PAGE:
The recession is having an impact on the way companies handle their software licences as job cuts and increasing vendor audits squeeze firms.
The findings of research carried out by Dynamic Markets for reseller Trustmarque Solutions backed up anecdotal experiences that dealers have seen on the ground with customers.
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Cherry Taylor, researcher at Dynamic Markets, said its Software Asset Management: Impact of the Recession research helped to have a clearer picture of the current situation.
“The impact of staff being laid off is directly having an impact and these companies are under pressure and in some cases overcompensating and panic buying licences in this very turbulent time,” she said.
The research found that 35% of those companies quizzed had seen more audits from vendors, 83% of those asked had to admit they were not confident that their software licensing was accurate and a quarter thought former employees had blown the whistle to spark vendor audits.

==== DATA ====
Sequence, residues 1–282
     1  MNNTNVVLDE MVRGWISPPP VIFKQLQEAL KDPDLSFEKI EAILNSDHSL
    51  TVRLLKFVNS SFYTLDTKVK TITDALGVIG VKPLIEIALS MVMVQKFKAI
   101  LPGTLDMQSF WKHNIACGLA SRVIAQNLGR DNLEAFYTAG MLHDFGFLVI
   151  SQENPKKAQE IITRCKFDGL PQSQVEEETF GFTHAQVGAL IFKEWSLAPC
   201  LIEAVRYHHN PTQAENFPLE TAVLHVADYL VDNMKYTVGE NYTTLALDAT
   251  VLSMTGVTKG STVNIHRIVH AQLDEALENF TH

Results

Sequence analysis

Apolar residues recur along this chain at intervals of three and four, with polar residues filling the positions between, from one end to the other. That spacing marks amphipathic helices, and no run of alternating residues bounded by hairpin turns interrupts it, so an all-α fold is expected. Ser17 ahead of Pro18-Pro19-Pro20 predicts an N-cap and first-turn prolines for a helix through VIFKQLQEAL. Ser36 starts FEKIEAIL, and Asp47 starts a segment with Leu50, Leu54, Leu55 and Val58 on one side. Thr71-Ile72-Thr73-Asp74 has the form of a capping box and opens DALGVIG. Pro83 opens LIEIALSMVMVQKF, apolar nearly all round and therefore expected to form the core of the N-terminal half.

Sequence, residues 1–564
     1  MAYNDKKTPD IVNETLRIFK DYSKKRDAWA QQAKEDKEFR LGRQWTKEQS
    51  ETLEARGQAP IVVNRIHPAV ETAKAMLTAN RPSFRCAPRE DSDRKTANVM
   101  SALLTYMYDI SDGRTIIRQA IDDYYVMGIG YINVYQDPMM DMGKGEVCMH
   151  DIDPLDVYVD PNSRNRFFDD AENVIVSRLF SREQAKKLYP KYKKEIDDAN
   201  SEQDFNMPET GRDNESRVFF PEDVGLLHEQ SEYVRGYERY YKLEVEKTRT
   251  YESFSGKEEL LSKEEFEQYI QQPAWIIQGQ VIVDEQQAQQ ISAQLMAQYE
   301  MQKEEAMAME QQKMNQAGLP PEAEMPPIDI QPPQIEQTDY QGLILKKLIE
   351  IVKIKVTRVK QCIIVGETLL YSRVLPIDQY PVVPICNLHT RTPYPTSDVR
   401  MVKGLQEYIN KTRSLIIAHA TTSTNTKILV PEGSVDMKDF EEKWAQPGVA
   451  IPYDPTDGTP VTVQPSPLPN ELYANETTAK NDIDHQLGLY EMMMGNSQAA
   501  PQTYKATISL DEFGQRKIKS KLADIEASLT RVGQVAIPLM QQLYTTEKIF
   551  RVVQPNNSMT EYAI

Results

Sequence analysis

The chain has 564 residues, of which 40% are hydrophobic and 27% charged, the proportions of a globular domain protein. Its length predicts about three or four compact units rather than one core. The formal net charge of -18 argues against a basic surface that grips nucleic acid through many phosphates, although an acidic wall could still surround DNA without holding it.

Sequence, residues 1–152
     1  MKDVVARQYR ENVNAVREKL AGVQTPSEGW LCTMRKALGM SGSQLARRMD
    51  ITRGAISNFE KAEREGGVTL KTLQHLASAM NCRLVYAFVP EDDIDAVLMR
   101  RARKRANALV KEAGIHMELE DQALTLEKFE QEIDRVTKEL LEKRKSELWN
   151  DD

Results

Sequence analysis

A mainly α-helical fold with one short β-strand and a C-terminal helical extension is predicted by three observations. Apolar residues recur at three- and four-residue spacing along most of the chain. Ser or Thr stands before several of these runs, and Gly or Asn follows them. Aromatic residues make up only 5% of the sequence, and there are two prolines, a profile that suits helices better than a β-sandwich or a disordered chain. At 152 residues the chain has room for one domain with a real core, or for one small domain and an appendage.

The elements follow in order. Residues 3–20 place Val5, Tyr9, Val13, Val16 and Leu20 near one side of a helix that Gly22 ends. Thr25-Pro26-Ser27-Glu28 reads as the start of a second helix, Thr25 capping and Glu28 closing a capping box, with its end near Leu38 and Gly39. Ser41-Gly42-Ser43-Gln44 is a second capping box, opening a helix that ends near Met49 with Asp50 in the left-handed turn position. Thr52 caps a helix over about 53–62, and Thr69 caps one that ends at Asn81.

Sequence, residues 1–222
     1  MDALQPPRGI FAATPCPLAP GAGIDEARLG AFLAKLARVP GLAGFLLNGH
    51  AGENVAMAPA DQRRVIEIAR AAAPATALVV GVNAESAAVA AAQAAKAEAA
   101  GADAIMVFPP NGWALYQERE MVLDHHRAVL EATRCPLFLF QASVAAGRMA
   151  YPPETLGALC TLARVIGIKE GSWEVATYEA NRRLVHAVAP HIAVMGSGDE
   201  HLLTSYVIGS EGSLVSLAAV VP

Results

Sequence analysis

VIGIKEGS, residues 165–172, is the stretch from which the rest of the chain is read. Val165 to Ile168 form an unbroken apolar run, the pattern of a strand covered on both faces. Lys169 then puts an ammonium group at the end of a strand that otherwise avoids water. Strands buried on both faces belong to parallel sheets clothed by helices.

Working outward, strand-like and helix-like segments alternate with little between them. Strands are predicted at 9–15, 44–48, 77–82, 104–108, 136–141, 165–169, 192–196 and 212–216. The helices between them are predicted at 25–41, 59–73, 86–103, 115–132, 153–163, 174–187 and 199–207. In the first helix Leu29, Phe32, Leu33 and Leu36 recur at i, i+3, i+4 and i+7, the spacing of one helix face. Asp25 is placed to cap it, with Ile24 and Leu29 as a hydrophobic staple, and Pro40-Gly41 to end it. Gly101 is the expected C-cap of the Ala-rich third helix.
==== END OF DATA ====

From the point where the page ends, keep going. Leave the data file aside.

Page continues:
“Challenging software licences is challenging at any time and is much more so right now,” she added.
Tony Fisher, managing director at SAM Partners, warned that the risks to those that failed to control their software assets were increasing as vendors ramped up audits to try and reclaim revenue.
“Anyone who doesn’t have a solid grasp on licensing is caught between the devil and the deep blue sea either having to put their hands in their pocket to pay for licences or opting to keep their heads down and noticing the vendor’s won’t notice you,” he said.
He added that although software asset management (SAM) was still seen by many as a soft benefit it would save money in the long-run as its experience of customer audits showed that often many were over licensed in some departments.
He said that the research showed a growing interest in SAM and the findings were encouraging because they highlighted an opportunity in the market as well as indicating increasing understanding about the need to get on top of software estate management.
The findings come in the same week that the Business Software Alliance reveled that UK software piracy rates had climbed back up to 27% and the Software Industry Research Board held a major SAM conference.